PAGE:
Dancing the New World

[ Latin American Studies ]

Dancing the New World

Aztecs, Spaniards, and the Choreography of Conquest

By Paul A. Scolieri

Analyzing the extensive accounts of Aztec dance practices in colonial-era European chronicles, histories, letters, and travel books, this volume reveals the surprising and crucial role that dance played in the European conquest and colonization of the Americas.

Latin American and Caribbean Arts and Culture Publication Initiative

May 2013

$55.00$36.85

33% website discount price

Hardcover

8.5 x 11 | 227 pp. | 40 illustrations

ISBN: 978-0-292-74492-9

From Christopher Columbus to “first anthropologist” Friar Bernardino de Sahagún, fifteenth- and sixteenth-century explorers, conquistadors, clerics, scientists, and travelers wrote about the “Indian” dances they encountered throughout the New World. This was especially true of Spanish missionaries who intensively studied and documented native dances in an attempt to identify and eradicate the “idolatrous” behaviors of the Aztec, the largest indigenous empire in Mesoamerica at the time of its European discovery.

Dancing the New World traces the transformation of the Aztec empire into a Spanish colony through written and visual representations of dance in colonial discourse—the vast constellation of chronicles, histories, letters, and travel books by Europeans in and about the New World. Scolieri analyzes how the chroniclers used the Indian dancing body to represent their own experiences of wonder and terror in the New World, as well as to justify, lament, and/or deny their role in its political, spiritual, and physical conquest. He also reveals that Spaniards and Aztecs shared an understanding that dance played an important role in the formation, maintenance, and representation of imperial power, and describes how Spaniards compelled Indians to perform dances that dramatized their own conquest, thereby transforming them into colonial subjects. Scolieri’s pathfinding analysis of the vast colonial “dance archive” conclusively demonstrates that dance played a crucial role in one of the defining moments in modern history—the European colonization of the Americas.

  • List of Appendices
  • List of Maps and Images
  • Acknowledgments
  • Introduction
  • Chapter 1. On the Areíto: Discovering Dance in the New World
  • Chapter 2. Unfaithful Imitation: Friar Toribio de Benavente "Motolinía" and the "Counterfeit" Histories of Dance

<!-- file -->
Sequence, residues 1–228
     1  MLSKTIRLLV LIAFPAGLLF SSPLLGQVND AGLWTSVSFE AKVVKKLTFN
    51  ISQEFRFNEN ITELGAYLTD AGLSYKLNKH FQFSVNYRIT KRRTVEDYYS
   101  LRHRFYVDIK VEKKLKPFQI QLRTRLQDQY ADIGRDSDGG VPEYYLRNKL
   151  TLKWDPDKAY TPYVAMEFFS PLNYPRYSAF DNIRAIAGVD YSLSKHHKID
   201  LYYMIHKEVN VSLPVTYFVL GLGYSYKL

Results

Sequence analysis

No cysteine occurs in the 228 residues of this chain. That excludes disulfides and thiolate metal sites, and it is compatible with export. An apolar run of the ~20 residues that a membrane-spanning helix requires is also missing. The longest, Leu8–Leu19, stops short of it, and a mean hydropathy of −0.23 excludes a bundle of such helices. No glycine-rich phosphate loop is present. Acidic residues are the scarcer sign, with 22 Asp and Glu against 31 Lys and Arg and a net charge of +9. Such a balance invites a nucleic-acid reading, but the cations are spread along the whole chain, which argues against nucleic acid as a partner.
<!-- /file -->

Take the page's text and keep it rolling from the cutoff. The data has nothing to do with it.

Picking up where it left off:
• Chapter 3. The Sacrifices of Representation: Dance in the Writings of Friar Bernardino de Sahagún
  • Chapter 4. Dances of Death: The Massacre at the Festival of Toxcatl
  • Chapter 5. The Mystery of Movement: Dancing in Colonial New Spain
  • Conclusion
  • Appendices A–J
  • Notes
  • Bibliography
  • Index

Paul A. Scolieri is Assistant Professor of Dance at Barnard College, Columbia University.

"The textual, iconographic, and linguistic analyses demonstrate Scolieri's depth and breadth of understanding of the historical and cultural implications of the European colonizing of Mexico. With glossy color plates, well-reproduced black-and-white images, and ten appendixes of translated source material, the book provides a great example of in-depth research using primary sources."
―M. Keefe, The College of Brockport, Choice magazine

2014 Oscar G. Brockett Book Prize for Dance Research

Special Citation
The de la Torre Bueno Prize
Society of Dance History Scholars

Scolieri, Dancing the New World: Aztecs, Spaniards, and the Choreography of Conquest

Paul Scolieri of Barnard College talks about how dance affected Spanish opinions of the Aztecs.
Series: The University of Texas Press Podcasts

Author: University of Texas Press | Date: Saturday, 01 December 2012 | Duration: 16:01

Analyzing the extensive accounts of Aztec dance practices in colonial-era European chronicles, histories, letters, and travel books, this volume reveals the surprising and crucial role that dance played in the European conquest and colonization of the Americas.

Get the book. This podcast was produced in part by the Latin American and Caribbean Arts & Culture Publication Initiative funded by the Andrew W. Mellon Foundation.